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60-Second Earth

Poisoned Poor Killed in Millions by Pollution

The Global Alliance on Health and Pollution calls for a war against pollution to save the lives of more than eight million people annually. David Biello reports

 

What kills more people than HIV, malaria and tuberculosis every year? Air pollution. Tack on fouled water and poisoning by toxic waste and pollution killed 8.4 million people in 2012—or nearly three times as many people as those three diseases. Combined.
 
That's according to a new analysis by the Global Alliance on Health and Pollution based on data collected by the World Health Organization.
 
The problem is people breathing in the fumes of cooking fires in smoky homes or the soot from coal-fired power plants outside. Or there's the suffering caused by raw sewage in the water supply or poisonous heavy metals that get into the soil via industrial waste.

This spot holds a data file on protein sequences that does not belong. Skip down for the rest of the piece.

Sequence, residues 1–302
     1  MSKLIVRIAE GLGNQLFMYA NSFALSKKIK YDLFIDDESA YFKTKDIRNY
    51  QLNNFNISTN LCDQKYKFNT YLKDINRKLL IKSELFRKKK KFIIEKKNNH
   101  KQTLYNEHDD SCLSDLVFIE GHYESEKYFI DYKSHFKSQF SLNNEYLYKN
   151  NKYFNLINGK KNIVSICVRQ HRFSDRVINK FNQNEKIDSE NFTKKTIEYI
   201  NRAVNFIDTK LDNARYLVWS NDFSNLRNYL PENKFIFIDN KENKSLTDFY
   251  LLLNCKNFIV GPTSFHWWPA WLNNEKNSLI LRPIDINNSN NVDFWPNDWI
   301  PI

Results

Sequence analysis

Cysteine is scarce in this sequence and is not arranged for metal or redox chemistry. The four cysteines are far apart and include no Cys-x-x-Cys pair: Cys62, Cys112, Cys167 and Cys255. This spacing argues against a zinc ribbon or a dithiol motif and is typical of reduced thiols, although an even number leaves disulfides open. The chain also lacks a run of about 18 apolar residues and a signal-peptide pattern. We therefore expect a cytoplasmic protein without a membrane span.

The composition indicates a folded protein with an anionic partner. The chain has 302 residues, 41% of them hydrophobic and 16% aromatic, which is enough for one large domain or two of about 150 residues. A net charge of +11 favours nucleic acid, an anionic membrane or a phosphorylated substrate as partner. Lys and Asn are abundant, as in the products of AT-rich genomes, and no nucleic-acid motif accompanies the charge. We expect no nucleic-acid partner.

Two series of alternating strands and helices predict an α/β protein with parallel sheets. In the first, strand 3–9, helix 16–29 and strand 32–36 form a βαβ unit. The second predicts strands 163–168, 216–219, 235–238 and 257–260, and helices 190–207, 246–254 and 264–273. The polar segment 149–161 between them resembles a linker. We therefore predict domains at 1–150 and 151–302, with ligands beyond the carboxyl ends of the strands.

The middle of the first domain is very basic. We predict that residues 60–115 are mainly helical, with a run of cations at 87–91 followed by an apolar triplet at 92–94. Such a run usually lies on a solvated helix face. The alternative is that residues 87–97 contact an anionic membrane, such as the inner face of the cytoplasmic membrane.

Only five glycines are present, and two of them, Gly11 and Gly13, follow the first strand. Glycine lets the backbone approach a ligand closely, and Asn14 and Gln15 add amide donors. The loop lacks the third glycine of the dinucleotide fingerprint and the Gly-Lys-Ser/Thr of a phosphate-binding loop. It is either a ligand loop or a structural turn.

That's why the Alliance is calling for a global battle to help the poisoned poor via the Sustainable Development Goals currently being formulated by the United Nations. The proposed goal would be to at minimum cut such pollution-related deaths to less than three million people per year by 2030.  
 
The tools and technologies to cope with such pollution already exist and have been used for years to clean up the air and water in the richest countries, like the U.S. So maybe it's time to transfer that technology where it can save even more lives.
 
—David Biello
 
[The above text is a transcript of this podcast.]
 

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